MBI Publications

MBI Publications for Casey Diekman (9)

  • C. Diekman, M. Belle, H. Piggins and D. Forger
    Modeling hyperexcitation in central clock neurons
    (In Preparation)

    Abstract

  • C. Diekman, K. Dasgupta, V. Nair and K. Unnikrishnan
    Detecting neuronal connectivity from serial patterns in spike train data
    (In Preparation)

    Abstract

  • P. Thomas, C. Wilson and C. Diekman
    Spontaneous autoresuscitation in a model of respiratory control
    Conf Proc IEEE Eng Med Biol Soc (2012) pp. 6669-6672

    Abstract

    We introduce a closed-loop model of respiratory control incorporating a conductance-based central pattern generator (CPG), low-pass filtering of CPG output by the respiratory musculature, gas exchange in the lung, metabolic oxygen demand, and chemosensation. The CPG incorporates Butera, Rinzel and Smith (BRS)??s (1999) conditional pacemaker model. BRS model cells can support quiescent, bursting, or beating activity depending on the level of excitatory drive; we identify these activity modes with apnea (cessation of breathing), eupnea (normal breathing), and tachypnea (excessively rapid breathing). We demonstrate the coexistence of two dynamically stable behaviors in the closed-loop model, corresponding respectively to eupnea and tachypnea. The latter state represents a novel failure mode within a respiratory control model. In addition, the closed-loop system exhibits a form of autoresuscitation: conductances intrinsic to the BRS model buffer the CPG against brief episodes of hypoxia, steering the system away from catastrophic collapse as can occur with tachypnea.
  • Y. Wang, T. McMillen, M. Golubitsky and C. Diekman
    Reduction and dynamics of a generalized rivalry network with two learned patterns
    SIAM Journal of Applied Dynamical SystemsVol. 11 (2012) pp. 1270-1309

    Abstract

    We use the theory of coupled cell systems to analyze a neuronal network model for generalized rivalry posed by H. Wilson. We focus on the case of rivalry between two patterns and identify conditions under which large networks of n attributes and m intensity levels can reduce to a model consisting of two or three cells depending on whether or not the patterns have any attribute levels in common. (The two-cell reduction is equivalent to certain recent models of binocular rivalry.) Notably, these reductions can lead to large recurrent excitation in the reduced network even though the individual cells in the original network may have none. We also show that symmetry-breaking Takens??Bogdanov (TB) bifurcations occur in the reduced networks, and this allows us to further reduce much of the dynamics to a planar system. We analyze the dynamics of the quotient systems near the TB singularity, discussing how variation of the input parameter I organizes the dynamics. This variation leads to a degenerate path through the unfolding of the TB point. We also discuss how the network structure affects recurrent excitation in the reduced networks, and the consequences for the dynamics.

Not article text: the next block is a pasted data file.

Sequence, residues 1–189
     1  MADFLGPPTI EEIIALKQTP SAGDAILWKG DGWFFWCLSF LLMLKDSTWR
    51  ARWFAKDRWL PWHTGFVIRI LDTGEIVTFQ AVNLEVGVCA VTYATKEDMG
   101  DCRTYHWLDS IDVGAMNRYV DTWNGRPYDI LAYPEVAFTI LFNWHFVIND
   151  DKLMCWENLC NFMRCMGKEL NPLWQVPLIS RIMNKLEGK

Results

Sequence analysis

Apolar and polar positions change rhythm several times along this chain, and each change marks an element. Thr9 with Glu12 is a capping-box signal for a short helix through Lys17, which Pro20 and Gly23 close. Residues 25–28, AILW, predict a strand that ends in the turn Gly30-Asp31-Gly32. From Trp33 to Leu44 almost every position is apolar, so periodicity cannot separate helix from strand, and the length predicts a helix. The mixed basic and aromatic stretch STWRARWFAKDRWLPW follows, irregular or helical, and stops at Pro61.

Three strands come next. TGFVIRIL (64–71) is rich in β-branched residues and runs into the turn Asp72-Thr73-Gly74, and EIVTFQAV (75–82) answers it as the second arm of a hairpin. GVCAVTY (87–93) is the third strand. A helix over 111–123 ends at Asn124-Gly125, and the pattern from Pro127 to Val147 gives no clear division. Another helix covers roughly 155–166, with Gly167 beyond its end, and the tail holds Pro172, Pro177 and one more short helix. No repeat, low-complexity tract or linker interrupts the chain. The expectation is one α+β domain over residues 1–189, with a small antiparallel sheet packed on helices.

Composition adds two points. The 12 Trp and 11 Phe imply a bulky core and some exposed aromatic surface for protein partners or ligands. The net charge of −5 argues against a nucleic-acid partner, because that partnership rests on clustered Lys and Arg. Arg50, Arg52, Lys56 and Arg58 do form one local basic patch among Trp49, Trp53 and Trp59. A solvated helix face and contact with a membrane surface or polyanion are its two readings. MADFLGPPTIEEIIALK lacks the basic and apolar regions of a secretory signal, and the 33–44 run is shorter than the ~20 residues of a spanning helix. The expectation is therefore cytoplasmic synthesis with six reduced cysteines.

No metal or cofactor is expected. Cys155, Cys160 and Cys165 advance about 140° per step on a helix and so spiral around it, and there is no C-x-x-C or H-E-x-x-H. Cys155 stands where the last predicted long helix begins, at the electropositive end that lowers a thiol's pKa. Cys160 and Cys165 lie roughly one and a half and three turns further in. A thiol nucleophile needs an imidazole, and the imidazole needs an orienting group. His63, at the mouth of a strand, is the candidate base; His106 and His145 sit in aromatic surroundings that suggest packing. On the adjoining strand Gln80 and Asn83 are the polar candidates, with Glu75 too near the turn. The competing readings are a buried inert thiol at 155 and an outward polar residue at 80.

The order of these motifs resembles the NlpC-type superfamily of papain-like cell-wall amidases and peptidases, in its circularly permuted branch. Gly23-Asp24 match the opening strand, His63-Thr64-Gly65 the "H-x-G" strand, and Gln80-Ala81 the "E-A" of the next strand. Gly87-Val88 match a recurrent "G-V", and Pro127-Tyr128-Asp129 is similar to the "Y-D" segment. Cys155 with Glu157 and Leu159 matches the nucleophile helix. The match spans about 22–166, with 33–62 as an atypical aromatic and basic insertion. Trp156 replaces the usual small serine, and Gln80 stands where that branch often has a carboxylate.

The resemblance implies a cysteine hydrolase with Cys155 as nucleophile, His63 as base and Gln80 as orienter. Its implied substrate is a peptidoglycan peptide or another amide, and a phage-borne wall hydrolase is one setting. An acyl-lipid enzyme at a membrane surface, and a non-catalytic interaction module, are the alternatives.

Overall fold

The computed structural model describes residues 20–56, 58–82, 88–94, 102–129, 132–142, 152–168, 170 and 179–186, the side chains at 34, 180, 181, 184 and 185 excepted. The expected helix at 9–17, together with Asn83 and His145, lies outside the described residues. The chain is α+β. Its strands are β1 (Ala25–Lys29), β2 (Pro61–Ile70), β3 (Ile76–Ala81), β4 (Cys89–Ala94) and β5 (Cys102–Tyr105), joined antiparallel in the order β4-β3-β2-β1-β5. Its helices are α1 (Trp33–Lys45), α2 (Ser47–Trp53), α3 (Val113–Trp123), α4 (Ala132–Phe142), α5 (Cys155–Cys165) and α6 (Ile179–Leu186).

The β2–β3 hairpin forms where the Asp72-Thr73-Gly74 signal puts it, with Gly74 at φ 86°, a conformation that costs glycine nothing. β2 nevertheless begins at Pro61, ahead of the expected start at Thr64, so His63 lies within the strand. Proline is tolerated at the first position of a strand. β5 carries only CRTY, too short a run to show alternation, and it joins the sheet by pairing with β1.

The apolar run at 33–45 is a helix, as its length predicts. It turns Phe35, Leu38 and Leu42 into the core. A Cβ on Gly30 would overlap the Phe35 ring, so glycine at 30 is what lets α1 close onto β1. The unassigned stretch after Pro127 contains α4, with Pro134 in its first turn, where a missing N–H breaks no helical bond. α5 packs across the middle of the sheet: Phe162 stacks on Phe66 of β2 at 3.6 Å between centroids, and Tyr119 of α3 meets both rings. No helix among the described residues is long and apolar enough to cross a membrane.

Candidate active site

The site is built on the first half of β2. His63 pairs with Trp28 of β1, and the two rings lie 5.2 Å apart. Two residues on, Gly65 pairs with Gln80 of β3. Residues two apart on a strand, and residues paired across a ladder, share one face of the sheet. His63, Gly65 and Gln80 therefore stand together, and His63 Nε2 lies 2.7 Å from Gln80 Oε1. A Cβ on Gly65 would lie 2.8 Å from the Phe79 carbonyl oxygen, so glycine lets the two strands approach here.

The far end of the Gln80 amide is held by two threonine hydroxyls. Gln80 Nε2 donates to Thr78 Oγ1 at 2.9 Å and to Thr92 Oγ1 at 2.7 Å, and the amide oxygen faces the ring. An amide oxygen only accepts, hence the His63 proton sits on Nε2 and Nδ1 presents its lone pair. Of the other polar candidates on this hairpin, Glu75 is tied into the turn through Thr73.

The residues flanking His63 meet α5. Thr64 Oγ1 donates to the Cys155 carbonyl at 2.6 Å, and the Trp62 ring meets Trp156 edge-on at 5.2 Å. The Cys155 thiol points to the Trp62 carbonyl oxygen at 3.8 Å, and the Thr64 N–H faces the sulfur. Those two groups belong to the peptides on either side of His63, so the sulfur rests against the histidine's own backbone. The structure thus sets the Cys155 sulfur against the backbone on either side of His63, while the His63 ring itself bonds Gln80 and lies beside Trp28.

• C. Diekman, C. Wilson and P. Thomas
    Spontaneous autoresuscitation in a model of respiratory control.
    Conference proceedings : ... Annual International Conference of the IEEE Engineering in Medicine and Biology Society. IEEE Engineering in Medicine and Biology Society. ConferenceVol. 2012 (2012) pp. 6669-72

    Abstract

    We introduce a closed-loop model of respiratory control incorporating a conductance-based central pattern generator (CPG), low-pass filtering of CPG output by the respiratory musculature, gas exchange in the lung, metabolic oxygen demand, and chemosensation. The CPG incorporates Butera, Rinzel and Smith (BRS)'s (1999) conditional pacemaker model. BRS model cells can support quiescent, bursting, or beating activity depending on the level of excitatory drive; we identify these activity modes with apnea (cessation of breathing), eupnea (normal breathing), and tachypnea (excessively rapid breathing). We demonstrate the coexistence of two dynamically stable behaviors in the closed-loop model, corresponding respectively to eupnea and tachypnea. The latter state represents a novel failure mode within a respiratory control model. In addition, the closed-loop system exhibits a form of autoresuscitation: conductances intrinsic to the BRS model buffer the CPG against brief episodes of hypoxia, steering the system away from catastrophic collapse as can occur with tachypnea.
  • C. Diekman, C. Fall, J. Lechleiter and D. Terman
    Modeling the neuroprotective role of enhancing astrocyte mitochondrial metabolism during stroke
    Biophysical Journal (2013) (In Press)

    Abstract